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5 rewarding ways to quit the 9 to 5 and be your own boss

There are many perks to being a full-time freelancer or starting your own small business. You can earn an impressive income, set your own schedule, and work from any location—including at home, in your pajamas. It isn’t surprising, then, that a recent workforce trends study estimated that by the year 2020, 60 million people in the United States will be self-employed.

If you’re thinking about leaving the 9-to-5 grind to strike out on your own, here are 5 growing fields that pay well, are relatively easy to break into, and can be learned online or through on-the-job experience.

1. Photography

Have you always had an eye for taking amazing photos? Good news! If you have a bit of artistic talent and a willingness to learn composition, color theory, and digital editing, you’d probably make a great photographer.

The kinds of freelance gigs you can get as a photographer are extremely diverse—you can make a name for yourself shooting weddings and other events, selling stock photography to websites like Shutterstock and Flickr, or capturing high-art photos and selling prints. You can certainly do a bit of each, if you like variety or need to make a quick buck.

To become a freelance photographer, you’ll obviously need to invest in a quality digital camera. You’ll also need equipment like a tripod, lenses, lighting, and specialty items like a few photography backdrops for indoor portraits. Don’t feel like you have to buy everything at once—in fact it’s better to buy the essentials and then purchase additional items as you need them.

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2. Event Planning

Do you love making sure the food is cooked, the decorations are in order, and everyone is happy during family get-togethers? Are you good at staying organized and communicating what needs to be done to others? Then you’d probably make a great event planner.

Most event planners start out by helping friends and family members with events, or by volunteering with a local nonprofit. Familiarize yourself with basic skills like booking venues, scheduling deliveries, ordering food, and providing service. Also educate yourself about permitting, as many events will require a liquor license and other special permits that must be purchased or reserved far in advance.

If you’re not comfortable learning on-the-job, you can also become certified through a training course from an accredited organization, like the Convention Industry Council (CIC), or apprentice under an established event planner in your area.

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3. Design

Is your love of art rivaled only by your love of technology? Do you enjoy taking the ideas and input of others and creating expressive, persuasive visuals? Then you’d probably make a great graphic designer.

To be a graphic designer, you don’t need a college degree—you can learn everything you need to know online and by experimenting. All you need is a decent computer, some free time, and the desire to learn. Most designers use Adobe’s Creative Suite, which you can get a free trial of here.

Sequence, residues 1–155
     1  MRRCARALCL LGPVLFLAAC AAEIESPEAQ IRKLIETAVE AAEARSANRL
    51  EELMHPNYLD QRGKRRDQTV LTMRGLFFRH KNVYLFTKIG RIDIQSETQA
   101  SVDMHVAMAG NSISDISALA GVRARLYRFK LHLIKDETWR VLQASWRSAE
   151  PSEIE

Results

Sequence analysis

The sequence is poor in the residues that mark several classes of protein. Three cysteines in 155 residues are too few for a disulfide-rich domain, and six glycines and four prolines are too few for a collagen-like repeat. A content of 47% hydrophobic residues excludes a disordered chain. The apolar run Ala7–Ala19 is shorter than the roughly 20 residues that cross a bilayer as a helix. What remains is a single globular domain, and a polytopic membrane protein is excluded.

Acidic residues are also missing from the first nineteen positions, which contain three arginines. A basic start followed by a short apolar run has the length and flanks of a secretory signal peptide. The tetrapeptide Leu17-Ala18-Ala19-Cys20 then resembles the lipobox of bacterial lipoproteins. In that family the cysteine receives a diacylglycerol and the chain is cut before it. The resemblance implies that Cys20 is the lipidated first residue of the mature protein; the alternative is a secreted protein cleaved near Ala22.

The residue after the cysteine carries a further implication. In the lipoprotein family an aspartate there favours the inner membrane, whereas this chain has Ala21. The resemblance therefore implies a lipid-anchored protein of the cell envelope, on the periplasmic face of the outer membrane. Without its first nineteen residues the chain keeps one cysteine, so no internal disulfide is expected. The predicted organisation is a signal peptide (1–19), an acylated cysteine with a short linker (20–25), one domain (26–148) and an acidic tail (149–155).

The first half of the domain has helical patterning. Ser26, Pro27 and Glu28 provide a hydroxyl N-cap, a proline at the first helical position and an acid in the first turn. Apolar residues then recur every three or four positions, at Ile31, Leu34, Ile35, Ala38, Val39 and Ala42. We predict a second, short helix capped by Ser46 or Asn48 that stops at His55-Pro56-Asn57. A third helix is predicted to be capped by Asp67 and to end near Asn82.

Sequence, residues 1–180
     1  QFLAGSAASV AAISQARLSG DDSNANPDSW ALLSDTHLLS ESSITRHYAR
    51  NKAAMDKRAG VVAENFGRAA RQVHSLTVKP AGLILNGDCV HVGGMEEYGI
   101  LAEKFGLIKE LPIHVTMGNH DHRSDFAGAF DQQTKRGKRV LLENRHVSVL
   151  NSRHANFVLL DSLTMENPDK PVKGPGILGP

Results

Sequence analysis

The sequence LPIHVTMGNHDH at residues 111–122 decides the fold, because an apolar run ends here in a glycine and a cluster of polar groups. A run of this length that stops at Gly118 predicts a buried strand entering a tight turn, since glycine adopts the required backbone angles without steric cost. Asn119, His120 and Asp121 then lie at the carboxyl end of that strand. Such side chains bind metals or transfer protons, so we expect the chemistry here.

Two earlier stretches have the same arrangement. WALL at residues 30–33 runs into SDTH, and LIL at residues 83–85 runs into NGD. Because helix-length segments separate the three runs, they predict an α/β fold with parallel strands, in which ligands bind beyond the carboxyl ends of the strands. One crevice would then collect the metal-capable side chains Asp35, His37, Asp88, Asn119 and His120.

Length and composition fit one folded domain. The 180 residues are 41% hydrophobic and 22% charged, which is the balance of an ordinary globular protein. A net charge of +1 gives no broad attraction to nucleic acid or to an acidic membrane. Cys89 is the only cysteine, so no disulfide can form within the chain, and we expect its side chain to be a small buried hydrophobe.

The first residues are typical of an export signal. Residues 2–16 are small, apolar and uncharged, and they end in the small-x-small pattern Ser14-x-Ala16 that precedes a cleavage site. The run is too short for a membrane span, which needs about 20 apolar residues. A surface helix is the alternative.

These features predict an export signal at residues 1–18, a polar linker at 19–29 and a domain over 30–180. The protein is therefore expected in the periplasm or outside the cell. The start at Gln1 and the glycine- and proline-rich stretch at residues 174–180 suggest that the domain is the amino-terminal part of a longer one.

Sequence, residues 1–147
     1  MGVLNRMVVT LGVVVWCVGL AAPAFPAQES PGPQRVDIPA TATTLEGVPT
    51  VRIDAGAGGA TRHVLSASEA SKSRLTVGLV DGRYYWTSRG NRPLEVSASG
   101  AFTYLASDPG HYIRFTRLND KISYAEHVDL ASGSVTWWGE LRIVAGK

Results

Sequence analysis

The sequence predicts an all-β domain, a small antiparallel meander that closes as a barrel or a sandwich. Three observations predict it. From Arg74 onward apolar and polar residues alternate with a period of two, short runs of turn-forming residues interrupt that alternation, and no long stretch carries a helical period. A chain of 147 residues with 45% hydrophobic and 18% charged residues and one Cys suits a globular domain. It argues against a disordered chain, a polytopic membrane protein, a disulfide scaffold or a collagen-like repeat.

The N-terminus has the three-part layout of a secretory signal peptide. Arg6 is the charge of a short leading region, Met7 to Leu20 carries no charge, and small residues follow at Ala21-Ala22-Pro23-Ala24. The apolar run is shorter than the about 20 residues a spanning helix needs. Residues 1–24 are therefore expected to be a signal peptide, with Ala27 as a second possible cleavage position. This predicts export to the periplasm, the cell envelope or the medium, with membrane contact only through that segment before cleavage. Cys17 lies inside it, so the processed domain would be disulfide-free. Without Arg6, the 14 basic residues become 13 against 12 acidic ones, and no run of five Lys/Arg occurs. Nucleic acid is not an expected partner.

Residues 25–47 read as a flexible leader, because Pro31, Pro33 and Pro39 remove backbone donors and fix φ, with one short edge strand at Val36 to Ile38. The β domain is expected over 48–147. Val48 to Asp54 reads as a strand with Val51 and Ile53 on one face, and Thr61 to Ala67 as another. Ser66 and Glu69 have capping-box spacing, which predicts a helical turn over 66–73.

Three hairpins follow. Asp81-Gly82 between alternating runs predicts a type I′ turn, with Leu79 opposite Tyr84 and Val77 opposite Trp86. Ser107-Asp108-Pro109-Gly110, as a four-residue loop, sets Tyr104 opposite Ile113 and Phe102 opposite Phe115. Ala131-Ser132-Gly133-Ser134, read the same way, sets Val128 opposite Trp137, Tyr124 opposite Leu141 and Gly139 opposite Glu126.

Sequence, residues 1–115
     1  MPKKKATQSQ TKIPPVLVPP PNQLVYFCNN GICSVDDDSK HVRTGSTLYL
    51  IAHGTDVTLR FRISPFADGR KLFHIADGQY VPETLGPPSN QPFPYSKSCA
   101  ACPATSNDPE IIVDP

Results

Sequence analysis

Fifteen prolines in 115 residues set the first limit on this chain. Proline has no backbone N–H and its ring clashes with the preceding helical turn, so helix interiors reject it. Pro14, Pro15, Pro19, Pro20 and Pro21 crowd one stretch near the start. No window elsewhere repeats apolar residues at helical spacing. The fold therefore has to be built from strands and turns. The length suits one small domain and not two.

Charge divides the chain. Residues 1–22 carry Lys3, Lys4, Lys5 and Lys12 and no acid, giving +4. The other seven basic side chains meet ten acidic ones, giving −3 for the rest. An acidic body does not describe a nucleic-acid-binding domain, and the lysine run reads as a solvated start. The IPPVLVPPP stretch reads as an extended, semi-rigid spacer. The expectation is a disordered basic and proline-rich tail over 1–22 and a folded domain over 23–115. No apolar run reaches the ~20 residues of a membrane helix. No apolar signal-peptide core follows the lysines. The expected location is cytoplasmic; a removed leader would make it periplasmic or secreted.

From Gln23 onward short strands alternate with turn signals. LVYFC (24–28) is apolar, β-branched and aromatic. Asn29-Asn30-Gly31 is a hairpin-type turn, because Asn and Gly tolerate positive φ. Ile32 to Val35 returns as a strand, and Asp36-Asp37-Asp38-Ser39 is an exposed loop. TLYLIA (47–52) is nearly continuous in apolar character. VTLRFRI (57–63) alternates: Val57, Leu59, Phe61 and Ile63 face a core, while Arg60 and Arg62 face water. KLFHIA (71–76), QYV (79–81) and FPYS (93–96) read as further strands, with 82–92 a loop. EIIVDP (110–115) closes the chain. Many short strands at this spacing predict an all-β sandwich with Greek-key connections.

Once you have the programs you need, you can learn pretty much anything you need to know by watching tutorials on, a very affordable online learning database, or through free YouTube videos. You’ll also want to educate yourself about color theory and design composition, but much of this you’ll absorb as you work.

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4. Writing

Are you a whiz at spelling and grammar? Do you enjoy crafting effective sentences and editing paragraphs for tone and clarity? Then you’d probably make a great writer.

To start making money as a writer, you’ll want to build an online portfolio to send potential clients through a site like SquareSpace or Contently. If you don’t have any writing samples, try sending a few emails to small online blogs that feature a “write for us” page. You can usually become a contributor by signing up through a web application, and sites like these are happy to publish your work even if you have no experience. You can also volunteer to write copy for your local nonprofit or small businesses in your area.

Once you’ve built a portfolio, you can find countless writing gigs online, and by networking at local business events. You don’t have to be Hemmingway to make a living as a writer, and many companies will pay good money for blog content, website copy, or even newsletters and internal publications.

5. Social Media Management

Do you spend all your time updating your Facebook, posting pictures to Instagram, or uploading funny videos for your friends to watch on Snapchat? Do you find managing your online persona entertaining and exciting? Then you’d probably make a great social media manager.

Brands, businesses, and even individuals often don’t have the time or desire to monitor their own social media accounts. As a social media manager, your job is to make sure each of your clients’ accounts are posted to regularly, make sure all comments and complaints are addressed in a timely manner, and handle any advertising they might need. You will, basically, be managing the online reputation of your client.

While much of this is common sense, you’ll likely need some design skills and knowledge of advertising platforms—you can learn all of this online.

Being you own boss certainly has plenty of perks, and you can realistically make even more money freelancing than you can working a desk job. If you are self-motivated, focused, and tired of begging for sick leave and a pay raise, consider these 5 up-and-coming freelance positions.

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